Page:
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The Annunciation

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  • The Annunciation

    Today (25 March) we celebrate the Annunciation of the Lord. On 25 December we celebrate his coming publicly at his birth, announced by a host of God’s angels saying "Glory to God in the highest, and on earth peace among men with whom he is pleased!" (Lk 1:14).

    But today we celebrate the quiet announcement by a single angel to a young virgin in Nazareth.

    In his gospel Luke records that the Angel Gabriel appeared to both Zachariah and Mary.

    And there appeared to him an angel of the Lord standing on the right side of the altar of incense. And Zechariah was troubled when he saw him, and fear fell upon him. (Lk 1:11-12)

    And he came to her and said, “Hail, full of grace, the Lord is with you!” But she was greatly troubled at the saying and considered in her mind what sort of greeting this might be. (Lk 1:28-29)

    Note that Zechariah was troubled by what he saw, but Mary was troubled by what the angel said. Luke is here indicating that the words the angel said were significant. Indeed the whole exchange is packed with significance. But here I just want to pick up on two statement made by Gabriel.

    The first is in the quote above: “the Lord is with you”

    What would this have meant to a 1st Century Jew? To which others did God, or an angel of God, say God would be with them?

    God to Jacob when he made him the covenant leader “Behold I am with you and will keep you wherever you go” (Gen 28:15)

    God to Moses at the burning bush when he called him to lead Israel from slavery “But I will be with you” (Ex 3:12)

    God to Joshua before he led them into battle to take the promised land “as I was with Moses so I will be with you” [/COLOR](Josh 1:5)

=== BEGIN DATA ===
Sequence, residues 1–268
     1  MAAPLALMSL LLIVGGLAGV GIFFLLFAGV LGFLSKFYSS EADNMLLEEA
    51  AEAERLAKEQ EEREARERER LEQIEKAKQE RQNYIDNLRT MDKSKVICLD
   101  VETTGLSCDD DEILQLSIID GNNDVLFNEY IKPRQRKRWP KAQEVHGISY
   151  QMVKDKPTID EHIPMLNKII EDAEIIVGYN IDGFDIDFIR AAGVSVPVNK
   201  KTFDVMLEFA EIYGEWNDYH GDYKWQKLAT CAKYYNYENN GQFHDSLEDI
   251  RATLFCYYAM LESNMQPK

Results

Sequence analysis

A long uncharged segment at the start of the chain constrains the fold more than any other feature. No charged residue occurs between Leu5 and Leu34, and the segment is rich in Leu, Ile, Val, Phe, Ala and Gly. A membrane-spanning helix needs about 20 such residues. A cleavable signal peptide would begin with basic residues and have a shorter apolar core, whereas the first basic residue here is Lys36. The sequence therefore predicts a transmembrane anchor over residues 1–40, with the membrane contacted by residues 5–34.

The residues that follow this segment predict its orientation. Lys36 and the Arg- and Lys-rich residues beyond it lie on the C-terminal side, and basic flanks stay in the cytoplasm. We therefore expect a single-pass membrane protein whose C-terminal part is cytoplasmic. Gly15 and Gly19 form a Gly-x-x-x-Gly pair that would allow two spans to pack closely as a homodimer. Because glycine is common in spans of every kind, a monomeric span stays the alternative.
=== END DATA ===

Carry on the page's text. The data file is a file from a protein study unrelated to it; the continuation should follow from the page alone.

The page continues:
Angel to Gideon when he called him to defend Israel against a foreign invasion “The Lord is with you, you mighty man of valour” (Jud 6:12)

    God to David (via Nathan) when he made him head of an everlasting kingdom “I have been with you wherever you went” (2 Sam 7:9)

    God the Jeremiah when he called him to be a prophet “I am with you to deliver you, says the Lord” (Jer 1:8)

    Mary is being told she is there among the great leaders of Israel, people whom God called to have an important mission in the salvation of Israel. Mary is being called to stand with the great leaders of Israel who had many trials and had to make many sacrifices. No wonder Mary was “greatly troubled” and “pondered what sort of greeting this might be”.

    Then in Lk 1:30 Gabriel says “Do not be afraid, Mary, for you have found favour with God”. The “Do not be afraid” is reassuring her that God would be with her to help and protect her. But what does the “you have found favour” with God signify? Again let’s look at some others in Israel’s history who found favour with God. It brings to mind others who were specifically chosen by God for an important role or office.

    Noah, who was chosen to renew the human race after the flood. “But Noah found favour in the eyes of the Lord” (Gen 6:8)

    Abraham, who was the start the covenant people found favour with God “My Lord, if I have found favour in your sight…..So they said, “Do as you have said.” (Gen 18:3-5)

    Moses also found favour with God when he acted as mediator of the covenant people at Sinai –see Ex 33:12-17.

    Mary was specially chosen to have a particular and unique mission in our salvation, and with people like Noah, Abraham, and Moses to be the instrument of a new beginning for humanity. She was more important than Abraham or Moses or David because she was to bring the Saviour of the whole world into the world. She is unique.
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